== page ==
Masankho Banda (March 23-27)
Performance artist, educator, spiritual healer, and peacebuilder, Malawi-based Masankho Banda brings the traditions of interactive storytelling, drumming, singing, and dancing to life. Masankho, who was forced to flee Malawi in the late 80s due to the actions of a brutal dictatorship, received the prestigious Unsung Hero award from His Holiness the Dalai Lama in 2001 as a result of his inspiring peacebuilding efforts. Masankho seeks to bring peace to communities throughout the world through the arts and has for the past ten years given his time and talents to Bread & Roses, a nonprofit bringing inspiration to communities in San Francisco through music, stories, and dance.
Vox Sambou (March 25-27)
Vox Sambou is an MC, poet, and Multilingual performer who writes and performs in Creole, French, English, Spanish, and Portuguese. He comes from Limbé, Haiti and is a founding member of Montreal-based hip-hop collective, Nomadic Massive. A Haitian-Canadian, his music focuses on the traditional rhythms of Haiti mixed with elements of Afrobeat, jazz, reggae, and hip-hop. Vox’s artistry is influenced by a strong commitment to calling out injustices and social imbalances. His message is one of great positivity that not only reflects the realities of life in Montreal as a Caribbean immigrant, but also the relationship between artists in the Americas. Vox is the recipient of two awards from the All African Music Awards for music collaborations with artists like Afrotronix, a Lotus World Music Festival artist in 2019.
Yungchen Lhamo (March 30-April 1)
Born and raised in Lhasa, Tibet, singer-songwriter Yungchen Lhamo is known for her mesmerizing music that combines traditional Buddhist chant with her ethereal voice and unique compositions. Yungchen, whose name means goddess of melody and song, won the Australian Recording Industry Award for best world album in 1995 for her debut album, Tibetan Prayer. Yungchen has performed all over the world and has shared stages with Phillip Glass, Sir Paul McCartney, Annie Lennox, Lou Reed, and many others. In 2004, Yungchen established a foundation that inspires, improves, and empowers the lives of women, children, and those experiencing homelessness in Tibet.
Mariachi Perla del Medio Oeste (April 4)
Mariachi Perla del Medio Oeste is a student group from Indiana University sponsored by the Latin American Music Center in partnership with La Casa Cultural Center and the Department of Folklore and Ethnomusicology. The goal of the group is to share the wonderful antics of Mexican culture and its music; this is to be done by performing traditional Mariachi music while keeping in mind the rich history and customs.
Cielito Lindo (April 6-8)
Chicago-based Cielito Lindo will bring five members of the Lucero family, who perform modern, Latino mariachi. Cielito Lindo, which is the name of a quintessential mariachi song, performs the traditional music of Mexico and cites bands like Los Lobos and Trio Los Panchos as part of their inspiration. Cielito Lindo began in 2006 when the two oldest children in the family began singing with their father and his band. The Lucero family supports themselves fully through the arts and has performed for large audiences at Chicago Bulls games, Millennium Park, the Art Institute of Chicago, and on Nickelodeon. Cielito Lindo is passionate about inspiring parents and children to enjoy music, culture, and creativity together.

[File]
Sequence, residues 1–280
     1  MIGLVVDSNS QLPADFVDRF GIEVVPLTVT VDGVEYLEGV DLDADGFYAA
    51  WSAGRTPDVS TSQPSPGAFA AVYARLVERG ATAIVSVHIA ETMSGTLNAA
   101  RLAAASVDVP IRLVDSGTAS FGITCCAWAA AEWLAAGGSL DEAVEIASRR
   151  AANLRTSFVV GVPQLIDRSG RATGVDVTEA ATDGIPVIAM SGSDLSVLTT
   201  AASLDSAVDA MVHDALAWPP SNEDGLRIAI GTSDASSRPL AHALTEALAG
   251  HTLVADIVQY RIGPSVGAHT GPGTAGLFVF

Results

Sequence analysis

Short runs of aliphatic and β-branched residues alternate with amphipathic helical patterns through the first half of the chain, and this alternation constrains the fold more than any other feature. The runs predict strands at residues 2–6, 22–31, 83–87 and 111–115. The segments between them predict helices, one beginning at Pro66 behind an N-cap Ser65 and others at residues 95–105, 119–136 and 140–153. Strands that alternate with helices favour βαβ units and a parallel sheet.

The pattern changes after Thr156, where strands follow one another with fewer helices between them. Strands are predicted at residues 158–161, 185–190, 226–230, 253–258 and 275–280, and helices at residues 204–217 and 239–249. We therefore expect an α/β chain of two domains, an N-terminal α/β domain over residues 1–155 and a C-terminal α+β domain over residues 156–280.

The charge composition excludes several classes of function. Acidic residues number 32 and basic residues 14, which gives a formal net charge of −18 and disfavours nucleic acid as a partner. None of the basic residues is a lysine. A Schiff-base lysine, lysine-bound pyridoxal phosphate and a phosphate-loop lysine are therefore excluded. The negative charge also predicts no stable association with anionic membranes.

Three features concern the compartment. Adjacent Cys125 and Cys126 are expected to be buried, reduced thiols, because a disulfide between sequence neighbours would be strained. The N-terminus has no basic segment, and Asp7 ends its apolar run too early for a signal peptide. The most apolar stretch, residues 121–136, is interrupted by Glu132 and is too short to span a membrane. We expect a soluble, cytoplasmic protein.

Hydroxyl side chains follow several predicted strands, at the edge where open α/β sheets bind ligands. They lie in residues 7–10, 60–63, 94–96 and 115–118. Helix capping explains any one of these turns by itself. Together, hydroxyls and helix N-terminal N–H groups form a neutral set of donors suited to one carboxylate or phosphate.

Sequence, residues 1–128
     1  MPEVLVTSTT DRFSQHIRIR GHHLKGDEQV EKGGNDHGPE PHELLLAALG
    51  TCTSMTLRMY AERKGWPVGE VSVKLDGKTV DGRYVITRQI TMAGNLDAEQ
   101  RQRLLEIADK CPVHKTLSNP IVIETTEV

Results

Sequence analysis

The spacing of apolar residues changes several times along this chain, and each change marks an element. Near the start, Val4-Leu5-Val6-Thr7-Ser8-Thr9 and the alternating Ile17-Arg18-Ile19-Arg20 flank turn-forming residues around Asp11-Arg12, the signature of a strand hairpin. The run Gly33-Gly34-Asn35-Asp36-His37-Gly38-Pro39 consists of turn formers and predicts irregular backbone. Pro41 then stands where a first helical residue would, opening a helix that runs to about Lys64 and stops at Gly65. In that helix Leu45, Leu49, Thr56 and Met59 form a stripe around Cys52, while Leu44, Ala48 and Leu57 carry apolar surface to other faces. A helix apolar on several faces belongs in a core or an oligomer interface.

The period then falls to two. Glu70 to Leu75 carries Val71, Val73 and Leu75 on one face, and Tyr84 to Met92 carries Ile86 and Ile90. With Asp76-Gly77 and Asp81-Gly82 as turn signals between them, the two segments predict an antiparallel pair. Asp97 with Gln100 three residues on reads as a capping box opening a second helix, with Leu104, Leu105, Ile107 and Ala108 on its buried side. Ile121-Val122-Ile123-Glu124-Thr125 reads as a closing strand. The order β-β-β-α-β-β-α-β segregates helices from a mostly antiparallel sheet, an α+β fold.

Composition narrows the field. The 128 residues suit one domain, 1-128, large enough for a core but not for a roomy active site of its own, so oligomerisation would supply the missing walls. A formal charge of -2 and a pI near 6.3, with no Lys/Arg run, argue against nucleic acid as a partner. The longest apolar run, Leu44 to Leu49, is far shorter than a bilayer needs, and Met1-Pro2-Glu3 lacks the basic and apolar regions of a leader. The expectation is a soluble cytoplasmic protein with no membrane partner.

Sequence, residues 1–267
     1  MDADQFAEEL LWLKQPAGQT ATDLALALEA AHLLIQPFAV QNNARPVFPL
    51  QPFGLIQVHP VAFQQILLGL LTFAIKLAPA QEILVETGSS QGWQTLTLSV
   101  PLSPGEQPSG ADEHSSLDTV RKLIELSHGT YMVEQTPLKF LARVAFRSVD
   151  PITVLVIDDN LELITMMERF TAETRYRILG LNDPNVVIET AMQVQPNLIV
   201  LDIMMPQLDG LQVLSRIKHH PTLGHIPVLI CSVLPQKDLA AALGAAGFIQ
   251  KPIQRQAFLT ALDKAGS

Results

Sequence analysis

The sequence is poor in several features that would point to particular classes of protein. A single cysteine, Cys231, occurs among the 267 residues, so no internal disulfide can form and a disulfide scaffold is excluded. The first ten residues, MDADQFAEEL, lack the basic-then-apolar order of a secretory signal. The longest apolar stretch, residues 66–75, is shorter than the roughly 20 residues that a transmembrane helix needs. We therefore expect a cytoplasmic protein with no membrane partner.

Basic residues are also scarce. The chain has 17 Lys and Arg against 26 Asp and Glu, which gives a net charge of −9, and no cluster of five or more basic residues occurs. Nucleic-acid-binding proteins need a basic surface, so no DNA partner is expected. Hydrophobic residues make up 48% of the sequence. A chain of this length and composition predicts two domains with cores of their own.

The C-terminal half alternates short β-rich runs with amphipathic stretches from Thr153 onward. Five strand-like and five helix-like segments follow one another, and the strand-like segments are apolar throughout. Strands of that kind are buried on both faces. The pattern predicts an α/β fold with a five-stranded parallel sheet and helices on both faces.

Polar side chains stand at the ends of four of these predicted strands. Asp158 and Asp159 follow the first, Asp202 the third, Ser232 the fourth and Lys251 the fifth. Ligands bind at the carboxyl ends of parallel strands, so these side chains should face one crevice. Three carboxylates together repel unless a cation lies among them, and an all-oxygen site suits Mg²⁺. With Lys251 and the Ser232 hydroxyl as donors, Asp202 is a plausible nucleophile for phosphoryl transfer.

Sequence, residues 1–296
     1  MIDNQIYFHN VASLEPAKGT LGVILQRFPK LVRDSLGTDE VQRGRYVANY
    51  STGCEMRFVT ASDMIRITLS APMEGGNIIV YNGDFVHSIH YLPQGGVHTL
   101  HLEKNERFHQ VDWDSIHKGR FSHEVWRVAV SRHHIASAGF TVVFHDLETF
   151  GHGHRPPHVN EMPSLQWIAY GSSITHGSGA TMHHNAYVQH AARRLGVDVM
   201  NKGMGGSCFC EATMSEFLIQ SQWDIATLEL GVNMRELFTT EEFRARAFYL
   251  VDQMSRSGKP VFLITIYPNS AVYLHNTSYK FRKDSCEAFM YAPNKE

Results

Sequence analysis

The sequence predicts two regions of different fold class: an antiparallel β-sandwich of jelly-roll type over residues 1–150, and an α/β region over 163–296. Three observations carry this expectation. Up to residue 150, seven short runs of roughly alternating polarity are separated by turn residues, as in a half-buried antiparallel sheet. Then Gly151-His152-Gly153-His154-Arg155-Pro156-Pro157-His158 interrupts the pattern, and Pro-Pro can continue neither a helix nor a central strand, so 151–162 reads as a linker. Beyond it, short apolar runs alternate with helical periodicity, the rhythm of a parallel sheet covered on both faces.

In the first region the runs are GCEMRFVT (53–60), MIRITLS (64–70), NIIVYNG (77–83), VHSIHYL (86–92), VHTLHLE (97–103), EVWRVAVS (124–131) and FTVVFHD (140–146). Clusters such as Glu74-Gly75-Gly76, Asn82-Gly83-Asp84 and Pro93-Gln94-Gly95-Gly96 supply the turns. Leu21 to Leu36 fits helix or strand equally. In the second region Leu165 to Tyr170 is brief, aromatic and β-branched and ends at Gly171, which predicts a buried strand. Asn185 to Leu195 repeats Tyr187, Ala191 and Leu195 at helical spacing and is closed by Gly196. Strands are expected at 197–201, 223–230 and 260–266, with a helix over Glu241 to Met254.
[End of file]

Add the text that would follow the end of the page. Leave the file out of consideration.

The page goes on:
The Corn Potato String Band (April 13-14)
The Corn Potato String Band has earned high praise for its performance and preservation of traditional American music from Central and Southern United States. In addition to being champion fiddlers (Aaron won first place in bluegrass fiddle at the 2018 Galax Fiddlers Convention), band members Aaron Jonah Lewis and Lindsay McCaw play the banjo, guitar, bass, and mandolin. They also sing ballads and southern gospel tunes and play the heck out of hoe-downs and country rags. Additionally, the Corn Potato String Band presents crankies, which are old storytelling art forms that use a long, illustrated scroll that is wound between two spools to hand-crank scenes through a viewing box while a song or tune is played. Their shows have delighted audiences across the United States, Canada, Europe, India, and Mexico with their amazing musicianship and original interpretations.
Violet Duncan (April 15-17)
Native American hoop and powwow dancer Violet Duncan is known for her acclaimed storytelling and performances across the world. Duncan, who facilitates workshops to promote spiritual wellness and cultural education across the US, Canada, and Europe, is a proud member of the Plains Cree of Kehewin Cree Nation & Taino. She held the title of Miss Indian World in 2006 and was featured in Nelly Furtado’s music video Big Hoopsas the Native American Fancy Dancer. After becoming the mother of four children, Duncan saw a need for Native American representation in literature. Duncan took it upon herself to author the children’s books When We Dance and Let’s Hoop Dance!.
Moira Smiley (April 17)
Singer and composer Moira Smiley presents her spare, vocally-driven collections of warped traditional songs to audiences across the world. Smiley, who plays the banjo, accordion, and piano, has performed with bands like Ladysmith Black Mambazo, Tune-Yards, and The Lyris String Quartet. Smiley’s compositions have been featured on platforms like BBC Radio, NPR and, ABC Australia. Smiley discovered the power of her voice right here in Bloomington when she came to the IU School of Music in 1994 to study early music and vocal performance. Smiley has led vocal workshops at universities, high schools, and conservatories including Yale, Oxford, and the LA Master Chorale.